Many of you ask quite frequently how difficult it is to catch mackinaw (lake trout) on Flaming Gorge. And, quite honestly, I respond by saying that at times they can be easy to catch, and then at other times it seems like I am fishing in The Dead Sea.
This past week, however, I was finally able to spend some quality time figuring out fall lakers and this week’s column, if nothing else, should inspire perhaps one more trip to Flaming Gorge before Thanksgiving.
For a month now, the lake trout have been heading in mass to their spawning beds. I fish from the pipeline (over the border in Wyoming) to the Hideout area just south of Sheep Creek, so much of my time is spent fishing in the Lucerne area.
The community hole in is an old gravel pit that holds the perfect underwater gravel humps that attract all lake trout large or small. While watching my Lowrance fish finder last Thursday, I charted a school that extended from 30 feet deep to 60 feet. That means the school was 30 feet thick!
Due to very great weather on Thursday, I was able to fish from 8:30-11 a.m., take a break for a few hours and then return at 3 p.m. and fish for two more hours before a late wind forced me off the reservoir.
Since a favorite method of catching lake trout is to use five-inch tube jigs on 3/4-ounce jig heads, I developed a system in which I fished two rods, a white tube and a green tube, both tipped with a small piece of sucker meat. Normally, I would fish one rod only because lake trout are notorious for biting one time and one time only, so if you are not holding your rod you will NEVER hook a fish.
However, not knowing for sure which color was right for the day, I dropped both colors down to 65 feet right in the middle of a large school, dropped both rods to the deck and watched the rod tips for signs of a strike.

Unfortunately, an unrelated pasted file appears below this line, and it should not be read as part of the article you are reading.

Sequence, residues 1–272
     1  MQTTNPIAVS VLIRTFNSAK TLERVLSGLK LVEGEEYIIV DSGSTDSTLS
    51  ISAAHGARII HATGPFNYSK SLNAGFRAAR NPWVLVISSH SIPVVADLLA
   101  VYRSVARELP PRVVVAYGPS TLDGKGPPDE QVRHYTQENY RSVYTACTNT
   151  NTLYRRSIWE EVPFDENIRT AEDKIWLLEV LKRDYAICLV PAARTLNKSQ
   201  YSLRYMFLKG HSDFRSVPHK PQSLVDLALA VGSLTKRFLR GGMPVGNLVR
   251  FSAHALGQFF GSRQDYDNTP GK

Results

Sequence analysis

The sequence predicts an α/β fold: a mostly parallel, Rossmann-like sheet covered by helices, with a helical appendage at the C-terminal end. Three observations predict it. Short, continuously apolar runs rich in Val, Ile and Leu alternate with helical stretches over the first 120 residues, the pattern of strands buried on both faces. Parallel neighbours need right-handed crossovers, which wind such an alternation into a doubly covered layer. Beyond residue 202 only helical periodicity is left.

Within a few minutes, I saw the rod with the green tube twitch. I immediately picked it up, felt another tick and set the hook on a 24-inch beauty. Then, the white rod twitched. I repeated the processed, picked up the rod, waited for a second tick, set the hook and brought in another fine fish.
All told, by 11 a.m. I had caught 20 lake trout that averaged 22 inches in length. And, since a family fish fry is on the schedule for early November, I kept a 12-fish limit.
Later that day, I headed out to the gravel pit to try for some burbot. Instead, I caught and released 12 lake trout that weighed between seven and 10 pounds each. Clearly, this was a great day on the water.
The very next day, the bite changed entirely. I still caught fish in the morning but only brought 12 fish to the boat, missing perhaps 20 bites. But, a friend of mine texted me and said the lake trout were biting near some kokanee beds and told me to get over and take advantage of a “great” bite.
Armed with a three-inch white tube without sucker meat, I found my buddy working a bank on the south side of the Lucerne area and just as predicted, I caught lake trout quite literally on every other cast.
Between now and Thanksgiving, all over Flaming Gorge, the “pup” lake trout will be targeting kokanee spawning beds to eat their eggs. With a liberal 12-fish limit, I can’t imagine a better fall fishing trip than to try for huge lakers on their beds and then shift gears and work the shorelines for some 18- to 24-inch lake trout on lighter rods and smaller tubes.
There is no doubt that the Gorge is red hot … even flaming.